Norwegian Wood (ノルウェイの森): my first taste of Murakami on film

“I once had a girl, or should I say, she once had me…
She showed me her room, isn’t it good, Norwegian wood?”

Norwegian Wood. Named after the Beatles song released in the 1960s. That’s also when the story is set, at the start of the Vietnam war, with the Japanese public up in arms over Okinawa being used as a base from which American forces were being launched. (It wasn’t subbed, but you could hear the protesters yelling something like “return Okinawa!” in the background.) But in the middle of all that upheaval, ‘ordinary’ people just kept trying to cope with life and love. And for Watanabe and Naoko, with heartbreak and death.

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Shiki – the many faces of human nature

The village was surrounded by death. Houses and fields spread out from the river, sealed into the tip of a spear by a forest of conifers. This forest wrapped the village in ‘death’. It laid out the village boundary, and also its isolating barrier. Its trees were grown for the dead. The village used them to produce the wooden grave markers and wooden coffins that fed its economy. Right from the start, the village had been born to produce ritual objects for the dead.

And within that forest of firs was a country of the dead, their grave markers the firs themselves. The people of that village still buried their dead. Each villager had a burial plot on a small fragment of land, and there their remains would be interned. There would be no gravestone. To mark the abode of the deceased, a wooden grave marker would be erected. And after the thirty-third anniversary of their memorial service, that grave marker would be taken down and a fir planted in its place. A fir planted, and then forgotten. By then, the dead would already have returned to being a part of the mountain, bereft of connections with the living.

There is a bridge that spans the distance between that world and this one. And the opposite side, the shore of this world, surrounded on three sides by death, was already isolated from the rest of this world.

The people there served death; they prayed for the sake of the dead.

From the time it was born, the village had existed for that purpose.

ーadapted from Seishin’s essay at the start of the novel.

At the start of summer, a strange malaise descended on this village. Its inhabitants started disappearing, into the ground, and into thin air. The shiki had come…

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Quick Review: The Broom of the System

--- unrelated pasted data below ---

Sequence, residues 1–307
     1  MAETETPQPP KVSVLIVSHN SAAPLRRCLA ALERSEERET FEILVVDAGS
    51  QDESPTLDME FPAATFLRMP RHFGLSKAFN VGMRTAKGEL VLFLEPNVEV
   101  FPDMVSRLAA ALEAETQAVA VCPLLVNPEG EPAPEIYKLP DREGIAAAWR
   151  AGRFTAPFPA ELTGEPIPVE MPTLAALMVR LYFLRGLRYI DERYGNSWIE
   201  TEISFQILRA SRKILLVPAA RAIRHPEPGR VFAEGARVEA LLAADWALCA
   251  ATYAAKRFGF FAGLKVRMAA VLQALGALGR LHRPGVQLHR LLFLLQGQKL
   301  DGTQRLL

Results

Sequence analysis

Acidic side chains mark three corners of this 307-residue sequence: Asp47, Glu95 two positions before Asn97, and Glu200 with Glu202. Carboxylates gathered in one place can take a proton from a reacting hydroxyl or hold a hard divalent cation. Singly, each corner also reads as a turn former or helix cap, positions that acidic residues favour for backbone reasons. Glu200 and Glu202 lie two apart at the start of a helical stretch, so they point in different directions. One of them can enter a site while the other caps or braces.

This is a book that I didn’t particularly enjoy reading. The first novel by the late David Foster Wallace, it was born from a comment by a former girlfriend, who said that “she would rather be a character in a piece of fiction than a real person”. In Broom, Wallace explores the difference between the two through Lenore Beadsman, a young woman who is unsure of whether she is real or not. According to whoever wrote the Wikipedia entry, “the controlling idea surrounding all of these crises are the use of words and symbols to define a person.”

At first glance, definitely an interesting concept about identity that seems like it would be steeped in philosophical jargon. But the reason Broom was a challenging book was not due so much to difficult words, but rather to the uniqueness of its writer. Although any attempts to describe Wallace in a sentence can never give him justice, to put it simply, DFW was a genius whose mind never let him stop thinking, whose brilliant analytical tendencies eventually led him to take his own life. The threads and tangents he follows are manifested in long, verbose sentences, with many phrases wrapped around each other, wound and twisted to the extent that the reader can lose the thread before reaching even the end of one of these thoughts. Wallace himself once noted that Broom feels like it had been written “by a very smart fourteen year old,” and that is probably the most succinct yet accurate description that anyone can give it.

In summary, whilst I would recommend reading some of DFW’s essays and speeches for a uniquely intelligent, if verbose, take on a number of existential questions, his novels are definitely not for the faint hearted. If you decide to pick one up, I wish you good luck and more. You’re definitely going to need every ounce of perseverance that you can master.